The personal property ( Coverage (C) ) is also percentage based off the coverage amount of dwelling (A) coverage. Each company differs on this percentage but most range from 50% to 90% of your dwelling (A) coverage to calculate your covered personal property (Coverage C) amount. For example your home (dwelling) is covered for 100,000 dollars. The insurer your home has coverage with uses a 75% factor of the dwelling (A) coverage to determine your final figure.

$100,000 (Dwelling (A) coverage amount) x 75% (Personal Property) = $75,000

Personal Property value can be determined based on two methods. These two methods listed below will determine the amount of money you will receive for each item. Family First only uses replacement cost value. Replacement Cost Value (RCV): The amount it would cost to replace your personal property at today's value with no deduction for depreciation. Actual Cash Value (ACV): The property value as originally purchased is depreciated based on wear or age of the property and the value is determined based upon the resulting value.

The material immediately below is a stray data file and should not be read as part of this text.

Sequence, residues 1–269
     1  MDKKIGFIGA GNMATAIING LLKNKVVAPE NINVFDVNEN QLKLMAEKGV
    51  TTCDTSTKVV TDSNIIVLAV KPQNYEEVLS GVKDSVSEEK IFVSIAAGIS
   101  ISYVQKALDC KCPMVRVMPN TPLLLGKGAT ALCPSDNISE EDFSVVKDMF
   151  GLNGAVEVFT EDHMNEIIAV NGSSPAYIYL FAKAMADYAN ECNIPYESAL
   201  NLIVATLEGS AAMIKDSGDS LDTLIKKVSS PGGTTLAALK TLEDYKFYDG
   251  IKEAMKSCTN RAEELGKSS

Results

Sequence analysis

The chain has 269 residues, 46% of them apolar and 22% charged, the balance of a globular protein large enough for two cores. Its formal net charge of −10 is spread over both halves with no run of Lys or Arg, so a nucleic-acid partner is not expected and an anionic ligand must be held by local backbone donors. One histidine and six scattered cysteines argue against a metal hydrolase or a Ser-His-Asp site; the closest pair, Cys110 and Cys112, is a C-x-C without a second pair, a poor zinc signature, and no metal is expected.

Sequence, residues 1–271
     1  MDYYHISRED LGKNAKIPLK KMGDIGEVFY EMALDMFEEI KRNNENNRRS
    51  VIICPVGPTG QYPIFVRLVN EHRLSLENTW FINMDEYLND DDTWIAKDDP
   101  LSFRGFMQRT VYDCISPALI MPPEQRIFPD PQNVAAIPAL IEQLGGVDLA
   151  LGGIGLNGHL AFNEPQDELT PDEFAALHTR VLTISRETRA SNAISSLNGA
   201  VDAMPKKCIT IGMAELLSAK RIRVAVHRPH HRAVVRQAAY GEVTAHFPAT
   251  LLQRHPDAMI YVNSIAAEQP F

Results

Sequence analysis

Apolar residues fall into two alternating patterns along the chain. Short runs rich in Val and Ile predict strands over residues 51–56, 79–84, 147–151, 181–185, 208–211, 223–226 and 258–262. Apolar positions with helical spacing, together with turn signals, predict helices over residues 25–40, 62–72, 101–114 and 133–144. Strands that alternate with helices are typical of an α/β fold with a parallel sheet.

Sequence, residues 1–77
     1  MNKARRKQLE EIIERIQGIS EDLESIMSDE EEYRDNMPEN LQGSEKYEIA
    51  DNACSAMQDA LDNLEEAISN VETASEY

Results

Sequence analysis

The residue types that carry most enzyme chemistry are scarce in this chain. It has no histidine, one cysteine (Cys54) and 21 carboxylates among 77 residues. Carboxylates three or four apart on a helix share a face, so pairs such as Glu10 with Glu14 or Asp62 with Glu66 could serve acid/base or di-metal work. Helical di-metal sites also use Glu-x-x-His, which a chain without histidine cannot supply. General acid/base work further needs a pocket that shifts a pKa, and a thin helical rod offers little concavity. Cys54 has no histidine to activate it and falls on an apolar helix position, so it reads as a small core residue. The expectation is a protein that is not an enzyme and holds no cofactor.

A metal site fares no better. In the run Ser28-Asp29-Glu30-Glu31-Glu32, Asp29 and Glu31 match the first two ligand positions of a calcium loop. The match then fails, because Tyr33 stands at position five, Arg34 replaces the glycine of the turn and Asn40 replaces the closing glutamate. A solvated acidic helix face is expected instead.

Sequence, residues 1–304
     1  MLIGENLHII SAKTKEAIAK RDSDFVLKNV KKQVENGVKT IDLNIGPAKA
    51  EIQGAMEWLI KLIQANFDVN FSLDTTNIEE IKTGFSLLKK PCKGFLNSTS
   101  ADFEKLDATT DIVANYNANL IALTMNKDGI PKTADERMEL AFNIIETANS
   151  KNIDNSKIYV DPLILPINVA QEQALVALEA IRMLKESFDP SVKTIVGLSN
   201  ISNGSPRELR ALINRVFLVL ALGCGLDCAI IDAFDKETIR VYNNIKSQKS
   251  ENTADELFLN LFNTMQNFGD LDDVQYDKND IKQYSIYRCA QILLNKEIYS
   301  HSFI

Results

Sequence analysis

Loss of Use (Coverage D):

Definition: In the case of a total loss or any loss that makes your home temporarily uninhabitable that is covered under your dwelling (A) coverage. Loss of use will pay for alternative housing and living expenses during a 12 month period while your home is being re-built or repaired.

Every insurer handles this coverage differently. Some have a set dollar amount over a 12 month period to be divided by a monthly amount. They may also use a percentage based figure as shown in other structures above.

Example (Set Amount/12 month period): In this example a figure of $40,000 dollar set amount for Loss of Use (Coverage D). They will take 40,000 and divide it by 12 months (40,000/12 =$3,333) They do it this way to determine an amount you will receive monthly because every home loss situation is different. Meaning a home with a total loss make take 8 months to rebuild, while a home with a partial loss may only take 2 months to repair. Your policy would pay out $3,333 monthly in each situation. Meaning the home that only took 2 months to repair would have received 2 monthly payments of $3,333 and the home that took 8 months to rebuild would have received 8 monthly payments of $3,333.

Personal Liability (Coverage E):